How To Increase Ulimit Values in Linux easily

How to increase Ulimit Values, change ulimit value linux, increase ulimit value linux, ulimit, ulimit increase in linux, linux increase ulimit values

The ulimit command provides control over the resources available to the shell and/or to processes started by it, on systems that allow such control. One normal user may utilize the complete system resources and system won’t be available for other users.So setting the limit to users is very important and you need to be very careful before granting shell limits to them.You need to be always make sure that system is not going out its system wide limit. For an example , if the maximum system process limit is 64K and if you grated process limit to 4 users as 24K. When these all four users try to use the maximum no of process, system will run out of its limit and you will see fork errors on the system.

We can set up two limits as shown in the below image.
How To Increase Ulimit Values in Linux easily

Here we are going to see how to set the soft limit and hard limit to the users and also we will see how to increase the system limit.

1. Check the user shell’s soft limit ? Here my user is user1.
[user1@learnitguide ~]$ ulimit -Sa
core file size          (blocks, -c) unlimited
data seg size           (kbytes, -d) unlimited
scheduling priority             (-e) 0
file size               (blocks, -f) unlimited
pending signals                 (-i) 11949
max locked memory       (kbytes, -l) 64
max memory size         (kbytes, -m) unlimited
open files                      (-n) 8192
pipe size            (512 bytes, -p) 8
POSIX message queues     (bytes, -q) 819200
real-time priority              (-r) 0
stack size              (kbytes, -s) 10240
cpu time               (seconds, -t) unlimited
max user processes              (-u) 4096
virtual memory          (kbytes, -v) unlimited
file locks                      (-x) unlimited
[user1@learnitguide ~]$
2. Check the user shell’s hard limit ? Here is the user is user1.
[user1@learnitguide ~]$ ulimit -Ha
core file size          (blocks, -c) unlimited
data seg size           (kbytes, -d) unlimited
scheduling priority             (-e) 0
file size               (blocks, -f) unlimited
pending signals                 (-i) 11949
max locked memory       (kbytes, -l) 64
max memory size         (kbytes, -m) unlimited
open files                      (-n) 8192
pipe size            (512 bytes, -p) 8
POSIX message queues     (bytes, -q) 819200
real-time priority              (-r) 0
stack size              (kbytes, -s) unlimited
cpu time               (seconds, -t) unlimited
max user processes              (-u) 4096
virtual memory          (kbytes, -v) unlimited
file locks                      (-x) unlimited
[user1@learnitguide ~]$
3. User can set their own soft limit ?

Yes. They can able to set their own soft limit up to the hard limit value. Hard limit’s are managed by root user. You can reduce the hardlimit but you can;t increase being a normal user.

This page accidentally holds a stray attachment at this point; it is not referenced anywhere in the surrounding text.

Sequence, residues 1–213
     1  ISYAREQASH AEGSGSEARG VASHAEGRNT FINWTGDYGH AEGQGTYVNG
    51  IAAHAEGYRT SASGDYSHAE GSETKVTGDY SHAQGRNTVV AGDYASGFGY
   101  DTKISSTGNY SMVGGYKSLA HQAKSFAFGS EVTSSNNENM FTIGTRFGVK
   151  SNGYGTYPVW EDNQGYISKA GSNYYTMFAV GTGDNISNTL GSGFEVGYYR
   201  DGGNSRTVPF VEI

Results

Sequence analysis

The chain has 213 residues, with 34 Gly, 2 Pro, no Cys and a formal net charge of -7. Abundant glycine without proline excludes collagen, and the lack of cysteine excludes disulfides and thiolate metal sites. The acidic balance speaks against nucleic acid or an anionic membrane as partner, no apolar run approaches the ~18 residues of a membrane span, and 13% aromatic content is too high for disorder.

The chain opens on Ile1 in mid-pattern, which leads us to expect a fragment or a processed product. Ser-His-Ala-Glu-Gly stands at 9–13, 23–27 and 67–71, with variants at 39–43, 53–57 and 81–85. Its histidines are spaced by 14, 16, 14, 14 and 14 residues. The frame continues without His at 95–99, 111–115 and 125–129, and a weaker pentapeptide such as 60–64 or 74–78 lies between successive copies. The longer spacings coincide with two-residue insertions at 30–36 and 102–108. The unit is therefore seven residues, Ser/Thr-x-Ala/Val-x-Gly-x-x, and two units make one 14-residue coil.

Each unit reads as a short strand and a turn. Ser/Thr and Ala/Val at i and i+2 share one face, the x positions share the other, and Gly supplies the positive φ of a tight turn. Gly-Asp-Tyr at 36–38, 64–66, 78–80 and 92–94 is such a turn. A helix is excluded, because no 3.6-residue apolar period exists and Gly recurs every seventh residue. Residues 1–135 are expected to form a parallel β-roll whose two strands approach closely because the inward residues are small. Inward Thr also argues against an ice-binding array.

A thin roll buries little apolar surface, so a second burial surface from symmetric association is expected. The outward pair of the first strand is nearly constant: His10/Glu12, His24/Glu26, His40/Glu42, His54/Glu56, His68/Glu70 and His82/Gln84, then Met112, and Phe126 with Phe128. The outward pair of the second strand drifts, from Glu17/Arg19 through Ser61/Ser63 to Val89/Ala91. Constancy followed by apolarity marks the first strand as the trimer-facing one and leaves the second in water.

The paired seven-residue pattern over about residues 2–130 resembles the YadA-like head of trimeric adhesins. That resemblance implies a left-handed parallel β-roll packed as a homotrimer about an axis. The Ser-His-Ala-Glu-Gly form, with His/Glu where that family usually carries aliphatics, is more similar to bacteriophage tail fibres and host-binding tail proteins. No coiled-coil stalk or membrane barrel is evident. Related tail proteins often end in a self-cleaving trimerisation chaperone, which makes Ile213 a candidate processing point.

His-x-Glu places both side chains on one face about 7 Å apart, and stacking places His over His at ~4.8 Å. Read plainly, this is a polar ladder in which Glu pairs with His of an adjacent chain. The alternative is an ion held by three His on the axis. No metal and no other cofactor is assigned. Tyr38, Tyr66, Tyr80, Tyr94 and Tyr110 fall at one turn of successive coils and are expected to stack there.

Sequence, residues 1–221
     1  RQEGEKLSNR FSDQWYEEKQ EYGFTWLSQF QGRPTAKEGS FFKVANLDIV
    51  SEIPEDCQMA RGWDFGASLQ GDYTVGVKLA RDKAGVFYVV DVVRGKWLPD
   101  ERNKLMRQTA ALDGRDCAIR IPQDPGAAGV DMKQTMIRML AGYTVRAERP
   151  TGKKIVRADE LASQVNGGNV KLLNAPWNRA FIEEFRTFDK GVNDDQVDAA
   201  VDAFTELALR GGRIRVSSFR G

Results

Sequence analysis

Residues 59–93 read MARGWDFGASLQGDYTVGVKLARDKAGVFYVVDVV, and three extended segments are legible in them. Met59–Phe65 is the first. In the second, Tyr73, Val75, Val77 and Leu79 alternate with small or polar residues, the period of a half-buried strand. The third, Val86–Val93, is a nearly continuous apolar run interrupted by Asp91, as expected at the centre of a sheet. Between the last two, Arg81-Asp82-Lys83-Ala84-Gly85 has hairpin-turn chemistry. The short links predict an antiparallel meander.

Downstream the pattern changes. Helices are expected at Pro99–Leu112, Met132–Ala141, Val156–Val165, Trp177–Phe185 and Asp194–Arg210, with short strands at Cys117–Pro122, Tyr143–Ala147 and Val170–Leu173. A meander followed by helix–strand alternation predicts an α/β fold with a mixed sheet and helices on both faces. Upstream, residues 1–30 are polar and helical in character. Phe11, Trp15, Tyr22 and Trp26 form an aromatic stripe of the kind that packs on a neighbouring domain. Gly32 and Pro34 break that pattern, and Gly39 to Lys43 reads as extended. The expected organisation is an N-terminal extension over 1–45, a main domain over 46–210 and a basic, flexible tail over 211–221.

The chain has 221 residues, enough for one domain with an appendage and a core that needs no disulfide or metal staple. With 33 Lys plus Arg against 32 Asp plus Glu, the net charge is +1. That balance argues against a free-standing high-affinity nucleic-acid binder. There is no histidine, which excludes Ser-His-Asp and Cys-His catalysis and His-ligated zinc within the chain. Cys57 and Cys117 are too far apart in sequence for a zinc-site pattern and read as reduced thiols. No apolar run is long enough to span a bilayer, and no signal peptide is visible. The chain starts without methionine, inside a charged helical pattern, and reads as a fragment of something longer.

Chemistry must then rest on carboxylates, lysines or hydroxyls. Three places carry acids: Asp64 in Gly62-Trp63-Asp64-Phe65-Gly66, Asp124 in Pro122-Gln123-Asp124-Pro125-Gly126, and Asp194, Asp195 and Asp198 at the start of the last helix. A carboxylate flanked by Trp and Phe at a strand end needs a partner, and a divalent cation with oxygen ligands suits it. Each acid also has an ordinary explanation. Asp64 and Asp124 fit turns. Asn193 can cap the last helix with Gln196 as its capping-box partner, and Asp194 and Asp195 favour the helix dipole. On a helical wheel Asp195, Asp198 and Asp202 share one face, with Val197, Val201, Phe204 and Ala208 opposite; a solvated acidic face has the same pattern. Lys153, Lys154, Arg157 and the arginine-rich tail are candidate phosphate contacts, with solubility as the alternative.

You will get the below error, If you try to increase the hard limit from normal user.
[user1@learnitguide ~]$ ulimit -H -u 12288
-bash: ulimit: max user processes: cannot modify limit: Operation not permitted
4.How to increase the hard and soft limit value for user from root login?

To increase the soft & hard limit values to the users, we need to edit “/etc/security/limits.conf” file. Here is the user1’s user’s configuration in limits.conf.
[user1@learnitguide ~]$ tail -7 /etc/security/limits.conf
# End of file
user1   soft   nofile    8192
user1   hard   nofile    8192
user1   soft   nproc    4096
user1   hard   nproc    8192
user1   soft   core    unlimited
user1   hard   core    unlimited
[user1@learnitguide ~]$
After modifying the file, user need to logoff and login again to see the new values.

5.limits.conf file will be used to set the user level limit.Where to set the system level limits ?

To set the system-wide limit, you need to edit the “/etc/sysctl.conf”.For an example, if you want to set number of open files system-wide, edit sysctl.conf and re-load the configuration. Existing system-wide open files limit,
[root@learnitguide ~]# cat /proc/sys/fs/file-max
6815744
[root@learnitguide ~]#
Edit the open files value in  sysctl.conf like below,
[root@learnitguide ~]# cat /etc/sysctl.conf |grep file-max
fs.file-max = 6816768
[root@learnitguide ~]#
Re-load the configuration,and check the system-wide open files value
[root@learnitguide ~]# sysctl -p
net.ipv4.ip_forward = 0
net.ipv4.conf.default.rp_filter = 1
net.ipv4.conf.default.accept_source_route = 0
kernel.sysrq = 0
kernel.core_uses_pid = 1
net.ipv4.tcp_syncookies = 1
error: "net.bridge.bridge-nf-call-ip6tables" is an unknown key
error: "net.bridge.bridge-nf-call-iptables" is an unknown key
error: "net.bridge.bridge-nf-call-arptables" is an unknown key
kernel.sem = 250 32000 100 128
kernel.shmmax = 4294967295
fs.file-max = 6816768
[root@learnitguide ~]# cat /proc/sys/fs/file-max
6816768
[root@learnitguide ~]#
We have successfully changed the system-wide open files (File descriptor) value.
You can also simply execute the single command to modify these value,but that change will not persist across the system reboot.
[root@learnitguide ~]# sysctl -w fs.file-max=6816768
fs.file-max = 6816768
[root@learnitguide ~]# cat /proc/sys/fs/file-max
6816768
[root@learnitguide ~]#
Hope now you are clear with modifying the ulimit values for user and setting the new resource limit in sysctl.conf file .
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July 04, 2015

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